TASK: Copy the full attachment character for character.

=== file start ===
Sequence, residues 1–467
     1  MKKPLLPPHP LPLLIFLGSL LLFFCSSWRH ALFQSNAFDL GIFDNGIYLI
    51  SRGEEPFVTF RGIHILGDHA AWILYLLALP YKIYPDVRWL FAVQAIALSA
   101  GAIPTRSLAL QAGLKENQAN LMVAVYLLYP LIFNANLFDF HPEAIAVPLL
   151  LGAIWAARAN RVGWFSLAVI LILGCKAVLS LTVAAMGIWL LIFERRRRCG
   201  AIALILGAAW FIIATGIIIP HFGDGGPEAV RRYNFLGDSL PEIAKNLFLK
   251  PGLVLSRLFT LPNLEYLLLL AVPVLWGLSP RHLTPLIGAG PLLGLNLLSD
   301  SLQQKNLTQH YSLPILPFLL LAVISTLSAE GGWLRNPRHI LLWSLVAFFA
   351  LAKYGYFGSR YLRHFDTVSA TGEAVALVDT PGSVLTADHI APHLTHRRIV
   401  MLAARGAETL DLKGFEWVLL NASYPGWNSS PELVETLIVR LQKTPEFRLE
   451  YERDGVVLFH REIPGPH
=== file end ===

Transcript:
Sequence, residues 1–467
     1  MKKPLLPPHP LPLLIFLGSL LLFFCSSWRH ALFQSNAFDL GIFDNGIYLI
    51  SRGEEPFVTF RGIHILGDHA AWILYLLALP YKIYPDVRWL FAVQAIALSA
   101  GAIPTRSLAL QAGLKENQAN LMVAVYLLYP LIFNANLFDF HPEAIAVPLL
   151  LGAIWAARAN RVGWFSLAVI LILGCKAVLS LTVAAMGIWL LIFERRRRCG
   201  AIALILGAAW FIIATGIIIP HFGDGGPEAV RRYNFLGDSL PEIAKNLFLK
   251  PGLVLSRLFT LPNLEYLLLL AVPVLWGLSP RHLTPLIGAG PLLGLNLLSD
   301  SLQQKNLTQH YSLPILPFLL LAVISTLSAE GGWLRNPRHI LLWSLVAFFA
   351  LAKYGYFGSR YLRHFDTVSA TGEAVALVDT PGSVLTADHI APHLTHRRIV
   401  MLAARGAETL DLKGFEWVLL NASYPGWNSS PELVETLIVR LQKTPEFRLE
   451  YERDGVVLFH REIPGPH